Enter your email to subscribe to future updates

Monthly Archives: May 2014

Well, it’s that time of year again! Time to consider whether or not this is the year to spruce up your deck for maintenance or just get a new deck all together!

Siding and Deck Maintenance Tips

Your deck is a rustic, natural addition to your home. All decks need protection from the damaging effects of moisture and the sun no matter your wood selection, whether it’s redwood, cedar, pressure-treated* pine or fir, or exotic hardwoods.

The appearance of your deck’s wood will change over time. Don’t expect the uniform look of a newly constructed deck to last indefinitely. Varying degrees of exposure to ultra violet rays from the sun, water and heavy foot traffic patterns will alter the appearance of all wood.

Protecting your deck with a quality finish will lessen the negative effects of these elements and keep your deck’s surface looking its best for years to come.

Tips on Deck Care

  • Allow new decks to weather 4-6 weeks. To provide adequate protection, the stain or clear finish must penetrate the pores of the wood and not be allowed to puddle or dry onto the surface of the deck. Wood grains can be very tight as a result of the milling process. Natural weathering wears down the “mill glaze” and opens the pores of the wood allowing proper penetration of the finish. A good way to test if wood is ready to be coated is to sprinkle a few drops of water on it. If the water is absorbed into the wood the substrate is ready for coating. If the water beads up, allow more weathering. If you desire to finish the surface sooner, lightly sand to remove the mill glaze and use a deck cleaner. (Pressure-treated lumber needs to dry out 4-6 weeks before applying a finish). Previously coated decks. If your deck’s wood appears to have been coated and no grain is showing, it has probably been painted or stained with a solid coating. This product needs to be removed and the deck cleaned to bring back the bare wood and grain.
  • All surfaces must be clean and dry. On older decks, use of a cleaner or wood restorer may be necessary. If mildew is present, use a deck cleaner to kill it and at the same time clean the deck. Use the cleaner specified by the brand of deck finish you will be using. Note: before applying the deck finish, the wood must be completely dry. Temperature and humidity affect drying time. Two or more days may be necessary.
  • Use a quality, oil-based deck stain. These stains provide varying degrees of UV protection as well as offers a wide selection of colors. Never use solid siding stain or paint on a deck. In this application, these will usually peel. There are, however, solid deck stains that will perform better. Follow the manufacturer’s instructions on the label or other product specific literature.
  • Do not apply stain in direct sunlight. If possible, work during shaded hours.
  • Apply the deck finish product with a deck staining brush or painting pad. Apply just enough of the product to satisfy the porosity. Back brush to work into the grain and remove excess puddles of product.
  • Try to maintain a wet edge by staining only a few boards at a time. Avoid lap marks by applying a continuous wet film of stain.
  • Let stain dry thoroughly before using deck. Allow 12-24 hours depending on temperature and humidity.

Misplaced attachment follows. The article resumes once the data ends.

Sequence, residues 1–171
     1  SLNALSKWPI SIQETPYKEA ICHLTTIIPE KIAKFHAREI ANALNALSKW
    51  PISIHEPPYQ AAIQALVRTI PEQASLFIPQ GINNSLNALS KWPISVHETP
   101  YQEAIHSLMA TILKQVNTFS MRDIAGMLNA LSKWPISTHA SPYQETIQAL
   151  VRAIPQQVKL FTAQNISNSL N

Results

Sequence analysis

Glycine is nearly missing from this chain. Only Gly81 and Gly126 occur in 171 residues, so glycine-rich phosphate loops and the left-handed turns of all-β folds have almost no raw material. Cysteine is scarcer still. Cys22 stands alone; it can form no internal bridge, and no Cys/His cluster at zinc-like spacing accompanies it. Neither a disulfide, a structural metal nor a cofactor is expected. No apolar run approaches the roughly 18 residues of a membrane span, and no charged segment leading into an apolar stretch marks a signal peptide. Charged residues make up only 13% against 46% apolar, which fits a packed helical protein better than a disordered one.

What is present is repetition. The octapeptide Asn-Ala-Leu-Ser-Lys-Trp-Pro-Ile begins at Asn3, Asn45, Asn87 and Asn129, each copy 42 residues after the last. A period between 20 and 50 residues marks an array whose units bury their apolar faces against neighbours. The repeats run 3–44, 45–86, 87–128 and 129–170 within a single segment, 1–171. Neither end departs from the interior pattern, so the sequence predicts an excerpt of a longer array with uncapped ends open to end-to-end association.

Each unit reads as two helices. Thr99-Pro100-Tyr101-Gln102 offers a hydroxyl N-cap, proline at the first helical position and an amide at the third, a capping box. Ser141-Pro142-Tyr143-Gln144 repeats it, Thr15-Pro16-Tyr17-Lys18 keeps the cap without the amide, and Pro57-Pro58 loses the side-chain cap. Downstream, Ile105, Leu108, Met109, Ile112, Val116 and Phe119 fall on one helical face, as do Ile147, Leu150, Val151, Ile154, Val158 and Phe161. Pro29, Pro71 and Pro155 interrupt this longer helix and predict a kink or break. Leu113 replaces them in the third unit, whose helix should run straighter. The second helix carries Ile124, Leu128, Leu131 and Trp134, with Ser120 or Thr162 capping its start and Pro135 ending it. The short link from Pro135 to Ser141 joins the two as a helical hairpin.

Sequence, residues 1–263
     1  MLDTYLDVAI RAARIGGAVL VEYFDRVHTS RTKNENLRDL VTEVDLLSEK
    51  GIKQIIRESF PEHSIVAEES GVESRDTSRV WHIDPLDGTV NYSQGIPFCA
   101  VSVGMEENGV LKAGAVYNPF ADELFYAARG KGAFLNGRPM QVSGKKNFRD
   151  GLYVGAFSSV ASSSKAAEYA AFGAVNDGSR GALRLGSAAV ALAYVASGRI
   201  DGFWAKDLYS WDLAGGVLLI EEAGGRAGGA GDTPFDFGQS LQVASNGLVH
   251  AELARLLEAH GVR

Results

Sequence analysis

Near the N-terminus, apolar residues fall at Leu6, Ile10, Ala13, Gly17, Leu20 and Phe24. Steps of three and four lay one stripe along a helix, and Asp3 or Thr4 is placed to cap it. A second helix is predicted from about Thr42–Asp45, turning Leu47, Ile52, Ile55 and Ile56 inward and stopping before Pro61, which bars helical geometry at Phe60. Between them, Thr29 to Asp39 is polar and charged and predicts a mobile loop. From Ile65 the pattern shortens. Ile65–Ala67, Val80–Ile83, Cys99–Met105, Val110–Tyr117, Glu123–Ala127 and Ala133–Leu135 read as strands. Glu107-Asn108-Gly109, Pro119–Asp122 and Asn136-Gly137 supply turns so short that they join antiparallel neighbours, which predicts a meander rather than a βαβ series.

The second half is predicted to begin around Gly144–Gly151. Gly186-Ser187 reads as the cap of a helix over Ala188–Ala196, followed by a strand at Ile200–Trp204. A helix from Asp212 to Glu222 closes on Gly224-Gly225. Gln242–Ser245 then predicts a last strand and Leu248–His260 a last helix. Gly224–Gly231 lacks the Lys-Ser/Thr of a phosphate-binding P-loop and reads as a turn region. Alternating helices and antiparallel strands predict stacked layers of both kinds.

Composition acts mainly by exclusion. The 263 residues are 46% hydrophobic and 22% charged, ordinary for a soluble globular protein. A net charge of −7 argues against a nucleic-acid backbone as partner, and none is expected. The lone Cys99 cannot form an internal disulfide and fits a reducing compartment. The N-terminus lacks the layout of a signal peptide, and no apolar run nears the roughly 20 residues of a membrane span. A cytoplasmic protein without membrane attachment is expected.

• Plan on periodic maintenance. Most decks, depending on use and exposure, will need cleaning and re-staining every year or two to maintain their beauty.


~This post inspired/contributed by ColorGuild. ColorGuild, the global paint and color authority, is a member based organization serves as a definitive resource on color and coatings.  As a member of ColorGuild, we welcome their contributions.


Wall coverings are coming back—in every style. From contemporary to traditional, the variety of offerings today are beautiful, artistic and can add visual pizzazz to your home. But before you can hang up wallpaper on an accent wall, in the nursery, or elsewhere in your home, you need to prep your walls. Here are some helpful tips.

wallpapered room

Eclectic Bedroom by Pittsburgh Interior Designers & Decorators alisha gwen interior design

If the room currently has old wallpaper on the walls, you have to remove it. If the old wallpaper is fabric-backed or strippable, you can carefully pull it from the walls. Start by gently pulling a corner of one strip at the baseboard until the entire section peels away. Some styles leave behind a paper backing, which needs to come off next by wetting the surface with DIF remover and scraping with a broad knife.


A broad knife will help scrape off the excess paper backing


For non-strippable wallpaper, removers are available that soak onto the old wall covering’s surface. Before you begin, be sure to turn off electricity to the room, cover outlets with tape, and protect the floors with drop cloths or towels.

You may want to score the surface of the wallpaper first to help the liquid remover penetrate more quickly and then apply the remover. Once the paper is loose, you should be able to remove it with a wallpaper scraper. Any paste residue that remains needs to be washed off with DIF stripper plus a rinse with clean water. If you see signs of mildew, it needs to be removed with equal parts bleach and water and allowed to dry.

Next up is removing outlet plates, vent covers, and other items that can be removed. Wash painted walls with a solution of trisodium phosphate, rinse it with clean water and allow it to dry. Repair any holes or cracks and prep the walls with either Uniprep (for surfaces with a sheen) or Wall Prep (for flat paint). If it’s new sheetrock, apply two coats of primer.

Check out this list of tips for even more helpful hints from the professionals. Get rid of your old paint or wallpaper and put up some new wall coverings to add new style and flair to your home.